Daughters of Darkness (1971) 1080p

Movie Poster
Daughters of Darkness (1971) 1080p bluray - Movie Poster
Frame Rate:
23.976 fps
English 5.1  
Run Time:
87 min
IMDB Rating:
6.6 / 10 
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Directors: Harry Kümel [Director] ,

Movie Description:
A chic, good-looking and suitably 70's couple arrive at an extravagant and deserted seaside hotel after eloping. Stefan is wealthy and happily English, with a hidden streak of sadism, while Valarie is intelligent but of inferior (Swedish) blood. To keep her with him at the eerie hotel he lies consistantly about his relationship with his mother and his plans to tell her of their marriage. Meanwhile he has mysterious phone conversations with an older, dominant and pampered sissy. Two fresh guests arrive; the Hungarian countess, Elizabeth Bathory and her voluptuous protege, Ilona. Virgin corpses begin showing up about the city drained of their blood. A wary detective lurks around the hotel taunting his only suspect, the Countess.


  • Daughters of Darkness (1971) 1080p bluray - Movie Scene 1
  • Daughters of Darkness (1971) 1080p bluray - Movie Scene 2
  • Daughters of Darkness (1971) 1080p bluray - Movie Scene 1

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Sexy and Haunting

I'll admit to not being the biggest vampire movie fan, but Daughters of Darkness just hit all the right spots for me. For starters, you have Delphine Seyrig at the lead and she is, without a doubt, the single sexiest vampire ever put on film. She plays against all the tropes and depicts her Countess Bathory as more of a pampered, spoiled princess than anything else. With her deep, alluring voice, you never have any doubt that she could convince anyone to do anything she ever wanted.

Daughters of Darkness also straddles an interesting and exciting line between arthouse respectability and grindhouse exploitation. It's a great mix.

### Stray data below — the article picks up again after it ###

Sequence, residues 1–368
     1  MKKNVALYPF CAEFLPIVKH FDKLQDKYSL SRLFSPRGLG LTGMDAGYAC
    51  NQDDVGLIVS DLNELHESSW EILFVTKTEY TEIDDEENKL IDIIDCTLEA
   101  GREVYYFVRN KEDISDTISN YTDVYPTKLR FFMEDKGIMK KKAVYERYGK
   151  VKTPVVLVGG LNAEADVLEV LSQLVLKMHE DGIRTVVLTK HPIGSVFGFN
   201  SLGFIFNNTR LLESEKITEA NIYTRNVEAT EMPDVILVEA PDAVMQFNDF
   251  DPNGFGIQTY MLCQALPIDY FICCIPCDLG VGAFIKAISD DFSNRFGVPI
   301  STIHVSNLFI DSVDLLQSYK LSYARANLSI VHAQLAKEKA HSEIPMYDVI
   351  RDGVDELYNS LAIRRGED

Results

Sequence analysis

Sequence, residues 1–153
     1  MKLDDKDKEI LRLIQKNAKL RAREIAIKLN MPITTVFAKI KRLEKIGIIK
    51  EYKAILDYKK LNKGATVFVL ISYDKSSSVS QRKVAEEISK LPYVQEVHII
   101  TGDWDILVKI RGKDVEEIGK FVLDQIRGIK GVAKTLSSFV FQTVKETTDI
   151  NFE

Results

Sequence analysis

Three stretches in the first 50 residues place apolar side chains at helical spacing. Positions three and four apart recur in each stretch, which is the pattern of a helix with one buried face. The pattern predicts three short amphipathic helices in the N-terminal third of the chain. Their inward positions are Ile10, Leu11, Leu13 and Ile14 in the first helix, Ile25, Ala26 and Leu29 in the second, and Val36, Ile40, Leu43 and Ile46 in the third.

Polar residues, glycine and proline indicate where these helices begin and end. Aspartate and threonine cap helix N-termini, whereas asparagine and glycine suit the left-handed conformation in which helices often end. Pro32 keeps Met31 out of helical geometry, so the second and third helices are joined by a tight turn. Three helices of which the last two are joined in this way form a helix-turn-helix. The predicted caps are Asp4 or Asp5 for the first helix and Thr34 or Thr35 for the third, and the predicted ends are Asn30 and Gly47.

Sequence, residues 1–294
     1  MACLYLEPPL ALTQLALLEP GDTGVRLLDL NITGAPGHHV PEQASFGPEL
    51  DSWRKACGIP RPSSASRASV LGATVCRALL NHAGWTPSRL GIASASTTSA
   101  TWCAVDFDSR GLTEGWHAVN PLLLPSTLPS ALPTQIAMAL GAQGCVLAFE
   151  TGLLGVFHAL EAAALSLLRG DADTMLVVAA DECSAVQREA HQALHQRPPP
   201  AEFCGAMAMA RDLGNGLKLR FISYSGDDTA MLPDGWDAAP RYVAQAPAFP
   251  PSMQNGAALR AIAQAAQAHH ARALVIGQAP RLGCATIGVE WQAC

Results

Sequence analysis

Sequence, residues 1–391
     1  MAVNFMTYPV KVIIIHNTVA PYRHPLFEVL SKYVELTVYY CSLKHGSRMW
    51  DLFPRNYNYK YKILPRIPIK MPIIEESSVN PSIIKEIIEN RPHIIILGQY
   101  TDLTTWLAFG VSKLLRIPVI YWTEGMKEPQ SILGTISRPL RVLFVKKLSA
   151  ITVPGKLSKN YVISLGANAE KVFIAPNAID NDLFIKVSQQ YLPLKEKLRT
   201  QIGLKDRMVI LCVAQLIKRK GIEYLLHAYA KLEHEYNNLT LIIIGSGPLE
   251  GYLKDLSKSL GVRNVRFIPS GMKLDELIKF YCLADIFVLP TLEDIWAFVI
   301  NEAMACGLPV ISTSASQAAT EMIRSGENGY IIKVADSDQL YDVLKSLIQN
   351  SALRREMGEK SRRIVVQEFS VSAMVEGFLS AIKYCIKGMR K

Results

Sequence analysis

Some of the other performers can't help but dim in the shadow of Seyrig, but most everyone does a decent job. The music score is lovely and haunting and the locations are incredibly moody.

If you're into smart, slow burn horror flicks, Daughters of Darkness might just become one of your favorites.

Classic erotic vampire film

The vampire film was very popular in Europe in the early 70's. Several key entries in the genre were released at this time such as some interesting films from Hammer Studios as well as numerous titles from specialist auteurs like Jesus Franco and Jean Rollin. Unlike the majority of films from this sub-genre, Daughters of Darkness underplays the vampirism and nudity somewhat, while still retaining a dark mood and overwhelming eroticism. It's certainly far classier than most others in the vampire genre and is committedly artistic with beautiful cinematography and costumes shot within interesting locations, with a very effective and unusual soundtrack. Its story has a honeymooning couple Stefan and Valerie end up at a deserted hotel in Ostend where the only other guests are a pair of unusual women, one of whom it turns out is the Hungarian Countess Elizabeth Bathory.

Like the later Don't Look Now (1973), Daughters of Darkness uses the strange mood of an off-season resort to great effect. Like that film too, this is a horror film that really works simultaneously as an art film too. Director Harry Kümel needs to be given a great deal of credit for the stylish presentation that always feels like it accentuates the content, rather than just being showy. The visuals are especially memorable and the use of colour quite excellent throughout, while the strange setting adds its own unorthodox atmosphere to proceedings. It has to also be added that this is still a movie that does not disregard its horror angle at the expense of artistry as there are several macabre scenes and some that go for a much more visceral approach. It's a film that operates in several ways.